My dearest Lord.— I can't forbear being troublesome to your Lordship whilst I am in your neighbourhood. The business of this is to invite you to a concert of music, which I have found out in a neighbouring wood. It begins precisely at six in the evening, and consists of a blackbird, a thrush, à robin-redbreast and a bullfinch. There is a lark that by way of overture sings and mounts till she is almost out of hearing; and afterwards, falling down leisurely, drops to the ground as soon as she has ended her song. The whole is concluded by a nightingale that has a much better voice than Mrs. Tofts, and something of the Italian manner in her divisions. If your Lordship will honour me with your company, I will promise to entertain you with much better music and more agreeable scenes, than ever you met with
at the opera.
The birth of the “Spectator" ere long followed, together with the renewal of intimacy with Steele, in spite of the wide difference between their habits and condition. Miss Aikin thus disposes of certain transactions between the friends, which have been left in such obscurity that very opposite inferences have been drawn from their supposed nature:
There are traces in these letters of some pecuniary transactions between the friends : Steele informs his wife, in August 1708, that he has " paid Mr. Addison the whole 10001.," and at a later period he says, “Mr. Addison's money you will have to-morrow noon." No part of the correspondence affords the slighest confirmation of the story willingly received by Johnson, but discredited by Thyer, of Addison's having put an execution into the house of his freind to recover a hundred pounds which he had lent him. Steele, in one account, is said to have told the circumstance with tears in his eyes ; another version of the story makes the debt 1000l., and represents
Addison as remitting to Steele the balance of the produce of the execution “ with a genteel letter," informing him that he had taken this step in order to awaken him to a sense of the inevitable ruin awaiting him from his habits of negligence and profusion ; Steele, it is added, took the warning in good part, and believed the proceeding designed to do him service. Tales thus contradictory carry their refutation with them; but when, at a later period, Steele, in one of his frequent exigencies, informs his wife that he has raised money elsewhere, “but was denied by his friend,” it is no improbable conjecture that Addison might be the person referred to. The accurate Dr. Birch had doubtless some grounds for the observation, that their friendship 'endured to the end, " with a few little bickerings on economical occasions.' When we consider the profligacy-almost the insanity-of Steele's profusion in contrast with the undeviating economy and prudence by which Addison preserved himself free from temptations to private dishonesty or political, baseness which might have proved too strong for his virtue, it will appear certain that his purse could not at all times have been opened so freely as we find that it had once been, to the selfish and unprincipled importunities of his reckless associate.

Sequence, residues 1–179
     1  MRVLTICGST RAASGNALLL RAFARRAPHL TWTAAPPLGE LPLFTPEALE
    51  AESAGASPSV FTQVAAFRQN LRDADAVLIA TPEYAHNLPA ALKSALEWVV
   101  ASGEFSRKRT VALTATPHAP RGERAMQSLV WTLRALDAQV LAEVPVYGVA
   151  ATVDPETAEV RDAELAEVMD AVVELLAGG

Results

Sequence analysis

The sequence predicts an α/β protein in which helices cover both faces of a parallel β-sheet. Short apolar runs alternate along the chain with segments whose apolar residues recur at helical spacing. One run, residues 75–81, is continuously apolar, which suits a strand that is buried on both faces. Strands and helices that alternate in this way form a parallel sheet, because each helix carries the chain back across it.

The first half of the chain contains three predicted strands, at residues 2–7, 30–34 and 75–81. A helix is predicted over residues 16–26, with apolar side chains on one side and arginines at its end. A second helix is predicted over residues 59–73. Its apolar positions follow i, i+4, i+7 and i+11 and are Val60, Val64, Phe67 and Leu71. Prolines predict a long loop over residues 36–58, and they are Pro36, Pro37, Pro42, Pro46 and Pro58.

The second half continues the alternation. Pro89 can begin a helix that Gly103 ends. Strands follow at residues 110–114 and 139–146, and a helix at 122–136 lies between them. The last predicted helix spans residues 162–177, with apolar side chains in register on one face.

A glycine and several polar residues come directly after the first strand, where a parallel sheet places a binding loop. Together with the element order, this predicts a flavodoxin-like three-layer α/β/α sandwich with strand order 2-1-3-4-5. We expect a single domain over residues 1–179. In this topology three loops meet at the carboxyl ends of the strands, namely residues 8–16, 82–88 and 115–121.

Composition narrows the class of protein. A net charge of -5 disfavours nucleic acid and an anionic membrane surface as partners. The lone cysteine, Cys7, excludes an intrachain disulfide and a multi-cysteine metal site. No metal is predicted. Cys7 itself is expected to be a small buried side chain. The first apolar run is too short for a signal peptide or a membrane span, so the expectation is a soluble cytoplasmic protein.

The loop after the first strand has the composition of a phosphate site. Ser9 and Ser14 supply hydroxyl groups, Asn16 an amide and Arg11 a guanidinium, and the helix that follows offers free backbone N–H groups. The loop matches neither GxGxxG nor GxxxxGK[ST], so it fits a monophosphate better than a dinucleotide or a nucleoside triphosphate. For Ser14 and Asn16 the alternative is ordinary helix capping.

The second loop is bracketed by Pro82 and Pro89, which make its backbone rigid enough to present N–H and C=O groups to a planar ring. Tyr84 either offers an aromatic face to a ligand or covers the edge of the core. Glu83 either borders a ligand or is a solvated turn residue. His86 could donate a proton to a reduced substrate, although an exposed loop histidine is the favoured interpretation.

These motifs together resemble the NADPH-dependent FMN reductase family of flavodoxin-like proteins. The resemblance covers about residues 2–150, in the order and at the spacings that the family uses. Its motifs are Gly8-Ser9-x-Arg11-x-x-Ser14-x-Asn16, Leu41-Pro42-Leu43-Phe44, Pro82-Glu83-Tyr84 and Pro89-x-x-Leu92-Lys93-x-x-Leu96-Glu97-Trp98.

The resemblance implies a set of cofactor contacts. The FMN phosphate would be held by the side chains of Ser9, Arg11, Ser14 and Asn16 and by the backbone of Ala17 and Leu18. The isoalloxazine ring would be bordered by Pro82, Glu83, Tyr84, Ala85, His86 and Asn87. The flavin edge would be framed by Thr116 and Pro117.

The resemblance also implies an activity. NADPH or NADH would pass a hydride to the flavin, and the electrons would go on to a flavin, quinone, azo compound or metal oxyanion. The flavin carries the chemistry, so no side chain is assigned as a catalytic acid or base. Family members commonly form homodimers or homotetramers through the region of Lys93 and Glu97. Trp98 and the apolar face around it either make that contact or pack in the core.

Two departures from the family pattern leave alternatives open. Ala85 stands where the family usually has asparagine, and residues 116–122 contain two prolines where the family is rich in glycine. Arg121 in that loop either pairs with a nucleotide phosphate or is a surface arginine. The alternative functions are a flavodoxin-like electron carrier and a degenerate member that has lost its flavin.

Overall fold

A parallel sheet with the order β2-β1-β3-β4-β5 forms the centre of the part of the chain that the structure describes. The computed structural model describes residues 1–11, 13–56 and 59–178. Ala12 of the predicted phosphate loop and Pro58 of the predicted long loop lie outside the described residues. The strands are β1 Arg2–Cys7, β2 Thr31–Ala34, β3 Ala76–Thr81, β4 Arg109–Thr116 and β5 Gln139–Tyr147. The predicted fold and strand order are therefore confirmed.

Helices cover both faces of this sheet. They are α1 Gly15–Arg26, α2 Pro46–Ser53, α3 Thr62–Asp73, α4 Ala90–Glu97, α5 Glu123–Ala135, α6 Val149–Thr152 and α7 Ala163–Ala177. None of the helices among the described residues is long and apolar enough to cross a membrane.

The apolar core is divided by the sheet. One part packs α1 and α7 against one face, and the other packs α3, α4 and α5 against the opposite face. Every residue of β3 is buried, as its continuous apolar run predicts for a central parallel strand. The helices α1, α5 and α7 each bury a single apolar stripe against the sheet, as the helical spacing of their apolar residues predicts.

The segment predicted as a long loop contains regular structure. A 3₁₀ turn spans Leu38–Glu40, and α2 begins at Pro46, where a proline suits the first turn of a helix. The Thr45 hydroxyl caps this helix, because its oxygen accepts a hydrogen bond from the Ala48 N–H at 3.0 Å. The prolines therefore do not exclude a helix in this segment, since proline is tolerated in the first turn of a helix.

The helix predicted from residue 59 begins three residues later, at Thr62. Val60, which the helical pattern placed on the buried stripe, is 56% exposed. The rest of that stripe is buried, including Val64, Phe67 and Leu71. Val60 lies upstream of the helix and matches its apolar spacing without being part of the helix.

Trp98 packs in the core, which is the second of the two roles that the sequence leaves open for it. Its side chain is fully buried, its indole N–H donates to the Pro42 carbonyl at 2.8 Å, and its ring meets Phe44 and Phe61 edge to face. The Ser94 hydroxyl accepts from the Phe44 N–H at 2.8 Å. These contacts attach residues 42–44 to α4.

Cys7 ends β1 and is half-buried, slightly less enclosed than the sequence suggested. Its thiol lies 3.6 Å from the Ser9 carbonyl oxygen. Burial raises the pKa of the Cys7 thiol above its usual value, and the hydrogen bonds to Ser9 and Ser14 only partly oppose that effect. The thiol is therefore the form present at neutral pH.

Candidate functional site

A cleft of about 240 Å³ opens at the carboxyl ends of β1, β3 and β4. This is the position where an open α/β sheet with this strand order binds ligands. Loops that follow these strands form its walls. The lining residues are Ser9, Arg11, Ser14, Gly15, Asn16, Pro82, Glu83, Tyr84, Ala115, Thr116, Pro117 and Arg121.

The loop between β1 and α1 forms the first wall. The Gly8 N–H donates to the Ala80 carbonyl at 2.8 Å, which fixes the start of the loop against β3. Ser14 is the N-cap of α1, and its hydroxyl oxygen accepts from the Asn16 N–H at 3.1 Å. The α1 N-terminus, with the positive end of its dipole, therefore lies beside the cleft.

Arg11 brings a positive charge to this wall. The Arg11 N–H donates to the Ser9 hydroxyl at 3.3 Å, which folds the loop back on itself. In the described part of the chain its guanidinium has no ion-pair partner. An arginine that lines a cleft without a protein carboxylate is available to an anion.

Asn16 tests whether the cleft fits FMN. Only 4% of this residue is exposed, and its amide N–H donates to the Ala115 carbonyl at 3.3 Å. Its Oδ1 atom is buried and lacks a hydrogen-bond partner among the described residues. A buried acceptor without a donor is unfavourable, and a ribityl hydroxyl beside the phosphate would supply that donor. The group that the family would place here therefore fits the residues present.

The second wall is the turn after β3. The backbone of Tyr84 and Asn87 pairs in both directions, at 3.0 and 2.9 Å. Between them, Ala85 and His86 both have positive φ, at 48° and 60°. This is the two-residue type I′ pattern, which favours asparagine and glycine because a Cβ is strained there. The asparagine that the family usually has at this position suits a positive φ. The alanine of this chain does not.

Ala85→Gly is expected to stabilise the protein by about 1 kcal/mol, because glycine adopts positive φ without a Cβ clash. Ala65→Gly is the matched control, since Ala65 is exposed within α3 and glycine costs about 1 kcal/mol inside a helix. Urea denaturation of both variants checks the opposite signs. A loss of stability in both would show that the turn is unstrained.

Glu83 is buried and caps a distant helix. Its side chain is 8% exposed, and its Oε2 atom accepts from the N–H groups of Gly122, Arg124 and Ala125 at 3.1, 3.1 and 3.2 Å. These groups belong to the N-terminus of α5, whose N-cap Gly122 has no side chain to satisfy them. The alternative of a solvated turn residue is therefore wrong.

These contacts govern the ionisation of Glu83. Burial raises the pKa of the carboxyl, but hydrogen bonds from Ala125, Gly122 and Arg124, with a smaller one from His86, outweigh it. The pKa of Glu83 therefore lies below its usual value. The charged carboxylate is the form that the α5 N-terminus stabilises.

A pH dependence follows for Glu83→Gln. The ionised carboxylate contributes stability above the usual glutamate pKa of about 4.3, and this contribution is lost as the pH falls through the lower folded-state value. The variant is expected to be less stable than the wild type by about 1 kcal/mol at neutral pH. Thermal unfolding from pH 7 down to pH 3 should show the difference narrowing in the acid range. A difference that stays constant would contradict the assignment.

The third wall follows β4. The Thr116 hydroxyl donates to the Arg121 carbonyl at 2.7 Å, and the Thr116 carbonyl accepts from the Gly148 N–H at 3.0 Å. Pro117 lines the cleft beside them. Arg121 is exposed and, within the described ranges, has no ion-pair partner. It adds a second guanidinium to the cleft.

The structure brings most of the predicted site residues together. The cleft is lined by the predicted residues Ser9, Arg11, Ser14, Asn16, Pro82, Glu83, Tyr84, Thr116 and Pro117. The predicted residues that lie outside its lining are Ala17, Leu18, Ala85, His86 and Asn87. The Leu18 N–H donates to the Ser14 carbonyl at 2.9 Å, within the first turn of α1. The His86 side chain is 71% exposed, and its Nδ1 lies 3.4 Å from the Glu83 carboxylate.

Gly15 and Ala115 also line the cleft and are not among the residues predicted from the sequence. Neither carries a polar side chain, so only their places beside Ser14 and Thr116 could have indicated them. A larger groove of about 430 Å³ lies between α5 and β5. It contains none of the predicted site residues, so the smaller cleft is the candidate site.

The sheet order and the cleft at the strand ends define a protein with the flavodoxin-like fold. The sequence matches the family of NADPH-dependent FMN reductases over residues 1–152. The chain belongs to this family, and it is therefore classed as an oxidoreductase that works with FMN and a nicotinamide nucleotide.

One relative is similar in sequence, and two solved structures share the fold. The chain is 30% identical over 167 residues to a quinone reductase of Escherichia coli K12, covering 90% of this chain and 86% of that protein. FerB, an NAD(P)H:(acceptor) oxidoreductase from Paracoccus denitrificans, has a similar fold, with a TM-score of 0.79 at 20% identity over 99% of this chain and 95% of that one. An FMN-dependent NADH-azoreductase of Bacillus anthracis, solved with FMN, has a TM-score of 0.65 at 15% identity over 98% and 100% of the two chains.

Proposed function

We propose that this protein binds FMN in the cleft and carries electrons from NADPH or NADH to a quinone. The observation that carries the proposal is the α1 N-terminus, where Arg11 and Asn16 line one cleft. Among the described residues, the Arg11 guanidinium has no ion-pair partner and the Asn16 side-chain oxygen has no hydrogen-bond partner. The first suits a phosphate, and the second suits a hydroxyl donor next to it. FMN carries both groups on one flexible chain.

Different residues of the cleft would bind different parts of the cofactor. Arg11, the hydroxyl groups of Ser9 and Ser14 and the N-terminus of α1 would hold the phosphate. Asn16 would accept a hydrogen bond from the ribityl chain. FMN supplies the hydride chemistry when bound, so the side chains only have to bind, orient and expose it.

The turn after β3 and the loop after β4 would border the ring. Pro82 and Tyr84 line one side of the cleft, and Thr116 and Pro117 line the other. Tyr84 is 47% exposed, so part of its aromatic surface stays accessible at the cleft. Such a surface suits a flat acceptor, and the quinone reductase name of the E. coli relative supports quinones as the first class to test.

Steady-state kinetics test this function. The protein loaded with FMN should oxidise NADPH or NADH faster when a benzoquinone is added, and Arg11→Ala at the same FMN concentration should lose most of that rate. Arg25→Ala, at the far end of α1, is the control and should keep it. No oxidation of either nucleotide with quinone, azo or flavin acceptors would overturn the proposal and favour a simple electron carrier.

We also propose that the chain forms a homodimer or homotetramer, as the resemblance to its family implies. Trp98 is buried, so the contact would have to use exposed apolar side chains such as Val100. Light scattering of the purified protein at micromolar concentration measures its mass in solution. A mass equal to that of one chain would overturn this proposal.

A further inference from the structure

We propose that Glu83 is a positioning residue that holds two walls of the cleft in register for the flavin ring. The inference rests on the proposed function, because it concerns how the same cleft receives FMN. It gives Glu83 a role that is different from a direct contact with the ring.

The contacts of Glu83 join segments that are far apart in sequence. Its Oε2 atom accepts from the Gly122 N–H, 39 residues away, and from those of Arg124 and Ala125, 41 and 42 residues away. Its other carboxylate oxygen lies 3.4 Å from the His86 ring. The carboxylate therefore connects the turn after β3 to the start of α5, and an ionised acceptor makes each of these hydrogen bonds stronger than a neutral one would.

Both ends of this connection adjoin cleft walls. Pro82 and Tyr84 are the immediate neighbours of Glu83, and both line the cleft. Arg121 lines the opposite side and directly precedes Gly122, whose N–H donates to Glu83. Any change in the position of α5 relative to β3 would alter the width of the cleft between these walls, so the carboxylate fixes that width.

The development and career of Addison's authorship, and the peculiar traits of his literary triumphs, afford themes for elaborate and interesting discussion. The influence of the “Spectator" alone on life and manners, as well as in the department of criticism and letters, is a subject of no mean compass, and susceptible of nice disquisition. How powerful must have been the authority, and how much envied the praise of such a journal! Pope's joy and gratitude when his "Essay on Criticism' was flatteringly noticed, seem to have known no bounds, if one is to judge from the figurative terms, and the many strong expressions of the following document:
Sir, I have past part of this Xmas with some honest Country Gentlemen, who have Wit enough to be good natured, but no manner of Relish for Criticsm or polite writing, as you may easily conclude when I tell you they never read the Spectator. This was the Reason I did not see that of ye 28th till yesterday at my Return home, wherein tho' it be ye highest satisfaction to find myself commended by a Person whom all ye world commends, yet I am not more obliged to you for that, than for your Candour and Frankness in acquitting me with ye Errour I have been guilty of in speaking too freely of my Brother-Moderns. Tis indeed ye common method of all counterfeits in Wit, as well as in Physic, to begin with warning us of others? Cheats, in order to make ye more way for their own. But if ever this essay be thought worthy a second edition, I shall be very glad to strike out all such strokes which
shall be so kind as to point out to me: I shall really be proud of being corrected; for I believe 'tis with ye Errors of ye Mind, as with ye Weeds of a Field wh if they are consumed upon ye Place, enrich and improve it more, than if none had ever grown there. Some of ye Faults of that book, I myself have found, and more (I am confident) others have, enough at least to have made me very humble, had not you given this public